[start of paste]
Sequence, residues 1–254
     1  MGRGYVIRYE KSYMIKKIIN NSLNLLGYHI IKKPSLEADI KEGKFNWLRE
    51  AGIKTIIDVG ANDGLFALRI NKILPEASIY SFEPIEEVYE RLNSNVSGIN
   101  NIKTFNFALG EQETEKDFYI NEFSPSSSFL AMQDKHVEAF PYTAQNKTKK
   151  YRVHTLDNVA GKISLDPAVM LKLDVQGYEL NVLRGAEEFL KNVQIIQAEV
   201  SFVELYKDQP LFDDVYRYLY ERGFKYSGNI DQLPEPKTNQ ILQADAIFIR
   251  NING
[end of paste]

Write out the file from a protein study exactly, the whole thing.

Sequence, residues 1–254
     1  MGRGYVIRYE KSYMIKKIIN NSLNLLGYHI IKKPSLEADI KEGKFNWLRE
    51  AGIKTIIDVG ANDGLFALRI NKILPEASIY SFEPIEEVYE RLNSNVSGIN
   101  NIKTFNFALG EQETEKDFYI NEFSPSSSFL AMQDKHVEAF PYTAQNKTKK
   151  YRVHTLDNVA GKISLDPAVM LKLDVQGYEL NVLRGAEEFL KNVQIIQAEV
   201  SFVELYKDQP LFDDVYRYLY ERGFKYSGNI DQLPEPKTNQ ILQADAIFIR
   251  NING